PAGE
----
Synthetic Peptides:  typically lab derived and delivered topically via skin related products or Rx medication, facilitate the body in triggering these reparative signals within the body to activate. In turn, helping to generate new growth of wound healing, collagen or elastin building activities on a cellular level.

Applied benefits:

As we mature, into the fine wines we will become undoubtedly, there is a breakdown in the stored collagen and elastin that our body only has a set amount of. At the age of 30, we start to lose a small percentage of this stored wonder each year. We need a jump start in our skin to encourage more production of this precious cargo, which can allow us to look 20 years younger when we’re 70!

Some rock star peptides already in use in skin care to know:

-          Copper Peptides:

Around since the 1970s this baby is tried and true. Copper peptides, deliver wound healing properties to the skin that allow for healthy regeneration of skin cells. They are proven to increase the elasticity and firmness in skin.

-          Palmitoyl pentapeptide-3

Trademarked at Matrixyl is a pentapeptide that contains and essential fatty acid for healthly lipid barrier and 5 amino acids that prompt the skin to induce production of hyaluronic acid and collagen. Hyaluronic acid is a primary ingredient which is naturally generated in the body to contribute to our hydration content, and keeps or skin looking healthy and fresh like it did in our 20s.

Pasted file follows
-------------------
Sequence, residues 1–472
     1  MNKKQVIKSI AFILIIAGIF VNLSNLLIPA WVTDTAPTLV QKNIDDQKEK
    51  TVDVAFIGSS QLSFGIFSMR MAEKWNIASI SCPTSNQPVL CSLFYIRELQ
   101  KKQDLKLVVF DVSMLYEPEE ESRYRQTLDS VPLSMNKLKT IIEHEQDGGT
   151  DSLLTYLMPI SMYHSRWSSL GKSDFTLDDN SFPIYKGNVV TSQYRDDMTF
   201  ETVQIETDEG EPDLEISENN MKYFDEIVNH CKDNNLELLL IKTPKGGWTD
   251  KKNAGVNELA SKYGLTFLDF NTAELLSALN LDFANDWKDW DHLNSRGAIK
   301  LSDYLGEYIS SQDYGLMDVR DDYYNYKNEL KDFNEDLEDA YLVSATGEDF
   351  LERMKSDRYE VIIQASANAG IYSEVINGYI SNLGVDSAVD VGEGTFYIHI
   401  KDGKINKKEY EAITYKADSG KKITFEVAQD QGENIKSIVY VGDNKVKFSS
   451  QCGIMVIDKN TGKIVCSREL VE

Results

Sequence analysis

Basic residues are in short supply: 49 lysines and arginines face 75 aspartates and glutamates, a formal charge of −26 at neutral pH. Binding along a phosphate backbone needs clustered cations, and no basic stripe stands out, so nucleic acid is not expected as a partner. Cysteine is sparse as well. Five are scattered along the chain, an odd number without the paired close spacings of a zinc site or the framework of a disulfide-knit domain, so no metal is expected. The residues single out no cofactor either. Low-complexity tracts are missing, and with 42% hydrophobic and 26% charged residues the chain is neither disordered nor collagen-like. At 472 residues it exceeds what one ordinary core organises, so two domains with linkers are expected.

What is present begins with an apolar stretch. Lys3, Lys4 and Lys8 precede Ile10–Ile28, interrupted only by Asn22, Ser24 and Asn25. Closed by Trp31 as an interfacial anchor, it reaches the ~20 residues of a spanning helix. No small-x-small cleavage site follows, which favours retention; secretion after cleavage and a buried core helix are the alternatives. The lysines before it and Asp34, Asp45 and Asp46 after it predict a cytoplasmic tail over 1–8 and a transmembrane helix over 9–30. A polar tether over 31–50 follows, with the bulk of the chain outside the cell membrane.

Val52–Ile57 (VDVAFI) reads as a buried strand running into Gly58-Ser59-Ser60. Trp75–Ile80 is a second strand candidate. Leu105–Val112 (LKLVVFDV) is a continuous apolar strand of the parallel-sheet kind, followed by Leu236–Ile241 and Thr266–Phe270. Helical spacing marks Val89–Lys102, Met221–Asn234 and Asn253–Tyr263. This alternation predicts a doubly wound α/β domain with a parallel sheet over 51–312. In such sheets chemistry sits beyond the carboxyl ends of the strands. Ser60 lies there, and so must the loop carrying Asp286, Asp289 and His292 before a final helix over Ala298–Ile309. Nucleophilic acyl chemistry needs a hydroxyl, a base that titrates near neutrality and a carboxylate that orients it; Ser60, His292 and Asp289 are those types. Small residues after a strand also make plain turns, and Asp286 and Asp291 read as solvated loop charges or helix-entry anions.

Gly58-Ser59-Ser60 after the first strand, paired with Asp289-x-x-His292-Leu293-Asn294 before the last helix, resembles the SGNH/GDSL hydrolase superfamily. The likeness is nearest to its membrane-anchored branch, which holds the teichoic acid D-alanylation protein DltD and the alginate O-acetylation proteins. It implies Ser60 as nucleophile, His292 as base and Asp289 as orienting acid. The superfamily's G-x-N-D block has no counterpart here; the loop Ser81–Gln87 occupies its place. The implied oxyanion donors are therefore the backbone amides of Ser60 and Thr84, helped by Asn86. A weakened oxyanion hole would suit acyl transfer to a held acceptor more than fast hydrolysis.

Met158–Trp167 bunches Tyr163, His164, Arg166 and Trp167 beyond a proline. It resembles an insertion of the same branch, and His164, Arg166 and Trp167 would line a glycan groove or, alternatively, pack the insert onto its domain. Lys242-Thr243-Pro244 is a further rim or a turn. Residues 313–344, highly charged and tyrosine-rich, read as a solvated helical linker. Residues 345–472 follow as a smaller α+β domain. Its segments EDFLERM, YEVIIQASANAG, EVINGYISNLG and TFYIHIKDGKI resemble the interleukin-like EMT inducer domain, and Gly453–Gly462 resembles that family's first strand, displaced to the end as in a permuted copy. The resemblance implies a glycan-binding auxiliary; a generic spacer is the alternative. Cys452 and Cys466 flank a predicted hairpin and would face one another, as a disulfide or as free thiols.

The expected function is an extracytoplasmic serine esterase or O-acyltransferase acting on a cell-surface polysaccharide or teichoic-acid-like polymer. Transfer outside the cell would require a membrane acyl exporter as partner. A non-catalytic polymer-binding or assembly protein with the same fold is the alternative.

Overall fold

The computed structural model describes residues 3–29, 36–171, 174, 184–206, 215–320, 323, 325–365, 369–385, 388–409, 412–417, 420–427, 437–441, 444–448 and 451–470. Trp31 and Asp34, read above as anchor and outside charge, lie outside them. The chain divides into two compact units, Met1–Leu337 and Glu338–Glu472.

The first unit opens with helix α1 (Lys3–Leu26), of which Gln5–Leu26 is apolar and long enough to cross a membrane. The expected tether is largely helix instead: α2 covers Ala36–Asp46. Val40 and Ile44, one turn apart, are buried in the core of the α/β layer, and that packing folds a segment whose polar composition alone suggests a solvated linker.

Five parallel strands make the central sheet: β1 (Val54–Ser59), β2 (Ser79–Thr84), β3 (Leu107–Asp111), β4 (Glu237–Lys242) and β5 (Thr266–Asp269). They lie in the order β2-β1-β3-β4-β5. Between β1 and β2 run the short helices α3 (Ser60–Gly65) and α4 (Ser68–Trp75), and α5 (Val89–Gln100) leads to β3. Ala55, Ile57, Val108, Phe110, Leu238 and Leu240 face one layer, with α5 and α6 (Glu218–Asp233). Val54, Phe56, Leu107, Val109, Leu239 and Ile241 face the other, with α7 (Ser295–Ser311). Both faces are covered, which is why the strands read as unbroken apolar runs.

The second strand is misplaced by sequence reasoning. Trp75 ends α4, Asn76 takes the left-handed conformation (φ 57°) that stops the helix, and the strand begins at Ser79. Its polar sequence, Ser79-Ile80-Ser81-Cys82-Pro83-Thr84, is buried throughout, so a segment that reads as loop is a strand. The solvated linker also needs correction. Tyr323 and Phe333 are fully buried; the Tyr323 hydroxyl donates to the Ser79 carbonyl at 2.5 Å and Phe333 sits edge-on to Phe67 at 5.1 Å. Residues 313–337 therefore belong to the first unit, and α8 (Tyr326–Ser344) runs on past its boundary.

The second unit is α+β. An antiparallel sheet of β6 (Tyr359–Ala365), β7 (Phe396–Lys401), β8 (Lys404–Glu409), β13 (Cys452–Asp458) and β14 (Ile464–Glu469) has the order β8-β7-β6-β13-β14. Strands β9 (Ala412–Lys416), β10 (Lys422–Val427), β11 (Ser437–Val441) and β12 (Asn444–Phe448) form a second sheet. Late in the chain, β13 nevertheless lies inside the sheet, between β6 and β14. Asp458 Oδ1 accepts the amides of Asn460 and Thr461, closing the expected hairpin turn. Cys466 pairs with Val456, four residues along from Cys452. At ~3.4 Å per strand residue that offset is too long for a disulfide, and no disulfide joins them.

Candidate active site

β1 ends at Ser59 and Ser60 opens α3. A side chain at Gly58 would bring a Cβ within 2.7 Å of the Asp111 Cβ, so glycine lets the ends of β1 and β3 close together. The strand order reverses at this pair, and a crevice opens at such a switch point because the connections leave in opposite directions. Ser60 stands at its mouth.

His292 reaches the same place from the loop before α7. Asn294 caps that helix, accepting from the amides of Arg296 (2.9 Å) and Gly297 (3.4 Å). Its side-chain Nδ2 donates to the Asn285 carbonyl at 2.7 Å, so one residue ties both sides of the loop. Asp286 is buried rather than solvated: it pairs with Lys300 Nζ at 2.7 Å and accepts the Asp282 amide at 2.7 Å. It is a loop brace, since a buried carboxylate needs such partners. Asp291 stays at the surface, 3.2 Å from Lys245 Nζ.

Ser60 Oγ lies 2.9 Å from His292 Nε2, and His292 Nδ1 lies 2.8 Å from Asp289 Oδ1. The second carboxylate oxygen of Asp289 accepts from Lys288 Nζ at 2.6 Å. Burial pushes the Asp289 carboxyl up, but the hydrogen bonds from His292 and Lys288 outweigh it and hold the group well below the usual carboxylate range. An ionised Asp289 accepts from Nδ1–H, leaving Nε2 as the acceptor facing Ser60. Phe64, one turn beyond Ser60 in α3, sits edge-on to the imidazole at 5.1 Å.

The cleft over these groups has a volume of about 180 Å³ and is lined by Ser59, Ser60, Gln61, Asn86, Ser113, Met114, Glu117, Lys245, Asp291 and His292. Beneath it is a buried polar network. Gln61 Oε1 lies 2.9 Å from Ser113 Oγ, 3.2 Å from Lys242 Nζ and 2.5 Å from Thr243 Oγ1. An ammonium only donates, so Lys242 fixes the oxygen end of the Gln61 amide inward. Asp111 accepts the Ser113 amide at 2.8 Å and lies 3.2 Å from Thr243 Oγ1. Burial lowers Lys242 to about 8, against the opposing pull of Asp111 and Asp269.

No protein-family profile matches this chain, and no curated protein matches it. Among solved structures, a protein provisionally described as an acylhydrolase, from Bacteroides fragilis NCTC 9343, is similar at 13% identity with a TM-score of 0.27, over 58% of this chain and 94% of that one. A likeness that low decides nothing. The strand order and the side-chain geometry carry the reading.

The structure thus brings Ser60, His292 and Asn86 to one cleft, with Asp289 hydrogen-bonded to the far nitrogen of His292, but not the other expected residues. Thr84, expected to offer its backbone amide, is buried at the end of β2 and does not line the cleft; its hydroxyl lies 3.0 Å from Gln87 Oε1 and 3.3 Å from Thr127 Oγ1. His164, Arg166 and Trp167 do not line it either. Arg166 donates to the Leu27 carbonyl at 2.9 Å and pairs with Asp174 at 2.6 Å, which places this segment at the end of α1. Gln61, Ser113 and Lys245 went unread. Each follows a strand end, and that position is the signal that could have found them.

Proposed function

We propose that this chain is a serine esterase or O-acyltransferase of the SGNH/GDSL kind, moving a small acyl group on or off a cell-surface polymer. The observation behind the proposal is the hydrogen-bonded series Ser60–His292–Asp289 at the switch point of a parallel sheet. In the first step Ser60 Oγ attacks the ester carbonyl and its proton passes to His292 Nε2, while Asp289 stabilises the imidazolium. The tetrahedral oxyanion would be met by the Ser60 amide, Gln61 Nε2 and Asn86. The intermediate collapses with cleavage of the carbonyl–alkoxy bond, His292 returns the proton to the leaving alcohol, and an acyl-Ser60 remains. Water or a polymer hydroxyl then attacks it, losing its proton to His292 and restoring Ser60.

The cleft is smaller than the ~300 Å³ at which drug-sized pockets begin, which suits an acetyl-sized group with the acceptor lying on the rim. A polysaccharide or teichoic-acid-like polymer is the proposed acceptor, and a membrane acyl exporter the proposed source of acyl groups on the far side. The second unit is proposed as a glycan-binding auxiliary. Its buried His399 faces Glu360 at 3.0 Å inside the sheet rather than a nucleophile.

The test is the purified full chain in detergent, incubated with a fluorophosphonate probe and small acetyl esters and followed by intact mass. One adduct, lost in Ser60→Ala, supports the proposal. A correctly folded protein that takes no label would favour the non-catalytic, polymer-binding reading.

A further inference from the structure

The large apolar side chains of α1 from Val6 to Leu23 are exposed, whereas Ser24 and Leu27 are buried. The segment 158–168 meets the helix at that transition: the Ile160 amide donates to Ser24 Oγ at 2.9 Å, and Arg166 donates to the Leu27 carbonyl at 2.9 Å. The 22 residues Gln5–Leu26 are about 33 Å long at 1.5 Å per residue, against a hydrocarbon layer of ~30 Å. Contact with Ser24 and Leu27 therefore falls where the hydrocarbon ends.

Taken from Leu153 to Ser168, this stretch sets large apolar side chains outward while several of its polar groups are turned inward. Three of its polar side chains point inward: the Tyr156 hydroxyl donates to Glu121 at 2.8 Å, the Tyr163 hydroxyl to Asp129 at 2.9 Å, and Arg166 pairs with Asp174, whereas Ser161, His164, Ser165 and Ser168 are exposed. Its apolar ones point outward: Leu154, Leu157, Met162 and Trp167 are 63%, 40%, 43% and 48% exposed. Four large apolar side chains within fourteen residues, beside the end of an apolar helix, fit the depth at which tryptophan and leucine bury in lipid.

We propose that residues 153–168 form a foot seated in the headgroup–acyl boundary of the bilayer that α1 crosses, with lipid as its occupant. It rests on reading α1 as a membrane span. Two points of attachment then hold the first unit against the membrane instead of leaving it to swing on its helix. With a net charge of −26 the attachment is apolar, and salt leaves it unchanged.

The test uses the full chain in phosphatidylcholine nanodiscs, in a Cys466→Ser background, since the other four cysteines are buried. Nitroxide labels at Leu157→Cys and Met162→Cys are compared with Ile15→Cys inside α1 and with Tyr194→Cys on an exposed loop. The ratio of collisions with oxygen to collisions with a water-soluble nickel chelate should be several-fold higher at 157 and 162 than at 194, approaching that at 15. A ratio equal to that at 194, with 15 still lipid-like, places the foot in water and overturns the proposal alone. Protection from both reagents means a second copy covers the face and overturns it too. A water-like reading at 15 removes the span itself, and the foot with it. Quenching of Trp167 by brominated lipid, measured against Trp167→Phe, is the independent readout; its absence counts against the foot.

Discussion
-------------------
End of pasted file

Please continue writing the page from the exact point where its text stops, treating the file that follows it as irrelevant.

-          Acetyl hexapeptide-3

Known to smooth out certain facial expressions and fine lines this Hexapeptide is a great ingredient alternative to synthetic fillers or cosmetic surgery.

In the same way these peptides can encourage stimulus within the body to create more collagen and elastin, it can also serve to inhibit certain activity. In the case of hyperpigmentation, some peptides can actually inhibit the melanin synthesis (cellular creation of pigment granules / cells) to reduce hyper pigmentation within the skin.

Hyperpigmentation:

-       Oligopeptide – 34